Postpartum hemorrhage (PPH) is one of the top 5 causes of maternal mortality in developed and developing countries. The incidence of PPH is 40% after vaginal delivery and 30% after cesarean section. Criteria for PPH are based on the amount of blood loss. In clinical obstetrics, exact measurement of blood loss is often difficult. The most important treatment of PPH is red blood cell (RBC) transfusion. In the past few years, increasing concern has arisen about this treatment. Despite the introduction of several new guidelines, transfusion criteria still vary widely between clinicians. The decision whether to prescribe RBC transfusion is mostly based on postpartum hemoglobin (Hb) values. RBC transfusion should be aimed to reduce morbidity and especially to improve health-related quality of life (HRQoL). In this review, etiology, epidemiology, treatment, and prevention of postpartum hemorrhage are described. Special attention is given to the role of RBC transfusion in the treatment of PPH and the effects of RBC transfusion on HRQoL. Copyright,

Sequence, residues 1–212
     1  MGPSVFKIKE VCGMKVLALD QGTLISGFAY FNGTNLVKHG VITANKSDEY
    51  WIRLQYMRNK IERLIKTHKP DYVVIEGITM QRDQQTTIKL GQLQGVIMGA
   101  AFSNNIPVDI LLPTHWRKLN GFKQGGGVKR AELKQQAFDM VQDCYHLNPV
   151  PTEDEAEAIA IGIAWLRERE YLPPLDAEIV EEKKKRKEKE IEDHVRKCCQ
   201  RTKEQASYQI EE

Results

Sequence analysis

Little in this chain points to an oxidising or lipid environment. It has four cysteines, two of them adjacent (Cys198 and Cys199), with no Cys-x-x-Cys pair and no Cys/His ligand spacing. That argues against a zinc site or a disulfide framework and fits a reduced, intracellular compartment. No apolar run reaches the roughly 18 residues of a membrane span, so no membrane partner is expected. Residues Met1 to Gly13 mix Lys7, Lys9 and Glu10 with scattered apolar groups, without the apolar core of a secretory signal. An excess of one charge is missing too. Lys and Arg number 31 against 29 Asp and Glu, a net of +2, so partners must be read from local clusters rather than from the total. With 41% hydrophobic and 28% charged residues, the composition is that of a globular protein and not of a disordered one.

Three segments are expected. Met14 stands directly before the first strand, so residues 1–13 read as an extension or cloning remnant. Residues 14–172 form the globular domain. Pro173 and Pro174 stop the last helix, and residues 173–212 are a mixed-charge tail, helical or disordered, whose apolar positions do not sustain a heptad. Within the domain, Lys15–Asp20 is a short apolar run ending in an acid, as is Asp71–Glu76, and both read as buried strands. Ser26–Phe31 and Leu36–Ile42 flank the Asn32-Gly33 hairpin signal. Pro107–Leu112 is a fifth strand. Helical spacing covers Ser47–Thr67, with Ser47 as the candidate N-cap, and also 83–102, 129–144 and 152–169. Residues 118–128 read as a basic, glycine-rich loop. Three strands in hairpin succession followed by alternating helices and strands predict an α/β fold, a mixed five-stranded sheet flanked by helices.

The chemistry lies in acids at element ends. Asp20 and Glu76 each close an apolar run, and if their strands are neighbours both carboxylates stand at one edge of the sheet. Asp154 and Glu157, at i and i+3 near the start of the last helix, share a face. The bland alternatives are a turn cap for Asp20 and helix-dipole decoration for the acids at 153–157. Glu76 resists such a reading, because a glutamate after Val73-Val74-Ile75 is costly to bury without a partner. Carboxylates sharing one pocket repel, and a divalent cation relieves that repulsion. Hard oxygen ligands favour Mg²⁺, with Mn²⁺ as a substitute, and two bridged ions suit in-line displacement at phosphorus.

Obstetrical & Gynecological Survey
Department of Gynaecology & Obstetrics

Jansen, A.J.G, van Rhenen, D.J, Steegers, E.A.P, & Duvekot, J.J. (2005). Postpartum hemorrhage and transfusion of blood and blood components. Obstetrical & Gynecological Survey (Vol. 60, pp. 663–671). doi:10.1097/